A few weeks ago, Michel Bacos passed away at age ninety-four. It got some media attention, but not more than a few small obituaries and twitter references. I briefly mentioned it, but this week a video snippet of his funeral service appeared online and it prompted me to write about the man and his actions in a bit more detail.
Bacos had a colourful life. French, but born in Egypt, he fought during World War II and went on to become a pilot for Air France. In that capacity Bacos found himself as the captain of the ill-fated Flight 139, which on June 27, 1976, was scheduled to fly from Tel Aviv to Paris with a short stop over in Athens. There, a gang of German and Palestinian terrorists boarded and hijacked the plane and directed it to first Benghazi in Libya and eventually to Entebbe in Uganda. The plot thickened there. It turned out the hijackers were getting strong support from then Uganda dictator Idi Amin. Over the course of a few days the pressure was turned up as the terrorists sought not only a dollar ransom, but the release of a large number of Palestinian terrorists imprisoned in Israel. It put the government of then Prime Minister Yitzhak Rabin in a very difficult spot given its stance on non-negotiation with terrorists and the long distance to Uganda made any rescue attempt next to impossible.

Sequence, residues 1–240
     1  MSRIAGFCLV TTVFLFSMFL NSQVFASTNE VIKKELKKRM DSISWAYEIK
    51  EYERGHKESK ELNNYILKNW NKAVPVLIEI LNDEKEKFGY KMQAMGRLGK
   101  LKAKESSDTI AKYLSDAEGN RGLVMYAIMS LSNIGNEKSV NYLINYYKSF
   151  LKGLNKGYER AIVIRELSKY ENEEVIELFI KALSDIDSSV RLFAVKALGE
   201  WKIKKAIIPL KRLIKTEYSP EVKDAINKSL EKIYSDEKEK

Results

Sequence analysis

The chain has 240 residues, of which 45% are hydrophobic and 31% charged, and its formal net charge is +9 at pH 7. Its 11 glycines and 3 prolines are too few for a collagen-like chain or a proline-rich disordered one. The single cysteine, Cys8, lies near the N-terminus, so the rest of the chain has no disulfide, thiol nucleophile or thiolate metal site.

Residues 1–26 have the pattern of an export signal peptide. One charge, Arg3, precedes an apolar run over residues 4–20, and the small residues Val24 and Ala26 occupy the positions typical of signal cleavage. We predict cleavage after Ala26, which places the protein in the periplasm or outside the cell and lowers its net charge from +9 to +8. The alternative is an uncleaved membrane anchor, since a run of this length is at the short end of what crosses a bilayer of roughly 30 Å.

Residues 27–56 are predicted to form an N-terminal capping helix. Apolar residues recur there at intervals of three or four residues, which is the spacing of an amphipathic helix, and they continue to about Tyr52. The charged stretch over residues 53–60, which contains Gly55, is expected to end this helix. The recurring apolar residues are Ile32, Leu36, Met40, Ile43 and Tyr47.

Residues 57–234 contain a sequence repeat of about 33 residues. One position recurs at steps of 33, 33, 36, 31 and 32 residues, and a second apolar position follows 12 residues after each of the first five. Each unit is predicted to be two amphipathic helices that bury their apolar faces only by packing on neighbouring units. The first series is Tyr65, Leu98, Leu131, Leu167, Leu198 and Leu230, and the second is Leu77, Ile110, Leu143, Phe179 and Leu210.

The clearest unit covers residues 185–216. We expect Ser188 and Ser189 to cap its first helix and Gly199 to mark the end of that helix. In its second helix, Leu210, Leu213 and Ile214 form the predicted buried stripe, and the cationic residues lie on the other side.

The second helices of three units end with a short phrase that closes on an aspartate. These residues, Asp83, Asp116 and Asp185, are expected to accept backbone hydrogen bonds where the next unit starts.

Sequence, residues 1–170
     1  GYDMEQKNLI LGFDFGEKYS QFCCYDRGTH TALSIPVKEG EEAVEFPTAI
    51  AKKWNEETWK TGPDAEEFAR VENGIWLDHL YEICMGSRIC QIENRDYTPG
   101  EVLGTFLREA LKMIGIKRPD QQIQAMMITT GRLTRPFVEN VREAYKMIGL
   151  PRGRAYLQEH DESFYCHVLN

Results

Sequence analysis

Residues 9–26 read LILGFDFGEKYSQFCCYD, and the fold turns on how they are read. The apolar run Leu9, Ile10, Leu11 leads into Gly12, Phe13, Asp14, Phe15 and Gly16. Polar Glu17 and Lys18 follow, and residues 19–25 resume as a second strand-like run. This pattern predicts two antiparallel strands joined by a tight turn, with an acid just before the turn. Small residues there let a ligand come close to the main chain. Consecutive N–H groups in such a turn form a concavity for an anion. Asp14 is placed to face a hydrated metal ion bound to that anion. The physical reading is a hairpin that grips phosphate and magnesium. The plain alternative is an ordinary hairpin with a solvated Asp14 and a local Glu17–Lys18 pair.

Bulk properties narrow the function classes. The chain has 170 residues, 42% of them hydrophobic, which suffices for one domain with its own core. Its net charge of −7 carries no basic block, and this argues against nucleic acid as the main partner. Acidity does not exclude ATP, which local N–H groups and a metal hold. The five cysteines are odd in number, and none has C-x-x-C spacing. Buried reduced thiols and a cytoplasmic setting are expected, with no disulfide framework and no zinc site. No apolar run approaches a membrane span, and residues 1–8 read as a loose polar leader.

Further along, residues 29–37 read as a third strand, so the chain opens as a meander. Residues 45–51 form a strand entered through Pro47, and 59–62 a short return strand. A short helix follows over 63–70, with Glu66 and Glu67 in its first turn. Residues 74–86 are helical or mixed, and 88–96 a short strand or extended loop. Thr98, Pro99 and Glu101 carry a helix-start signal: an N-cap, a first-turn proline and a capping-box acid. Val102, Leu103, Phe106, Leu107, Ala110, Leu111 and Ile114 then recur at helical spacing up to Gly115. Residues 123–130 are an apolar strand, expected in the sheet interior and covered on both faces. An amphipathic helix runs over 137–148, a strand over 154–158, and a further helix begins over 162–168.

After only a few days, the crisis worsened as the Israeli and Jewish passengers were forcibly separated from the rest of the travellers, resulting in scenes reminiscent of the Holocaust. Not long thereafter, the non-Israeli contingent was released. At that point captain Bacos and his crew were given the option by the terrorists to leave too, but Bacos did not even consider it for a second and opted to stay with his passengers. He did give that option to his crew, all of who unanimously agreed to stay on. Given the likelihood of a very bloody ending to the affair, an extremely brave and commendable move and one that would put Bacos in the history books. The captain himself did not think that much of it when he commented later:
“There was no way we were going to leave – we were staying with the passengers to the end,” he said. “This was a matter of conscience, professionalism and morality"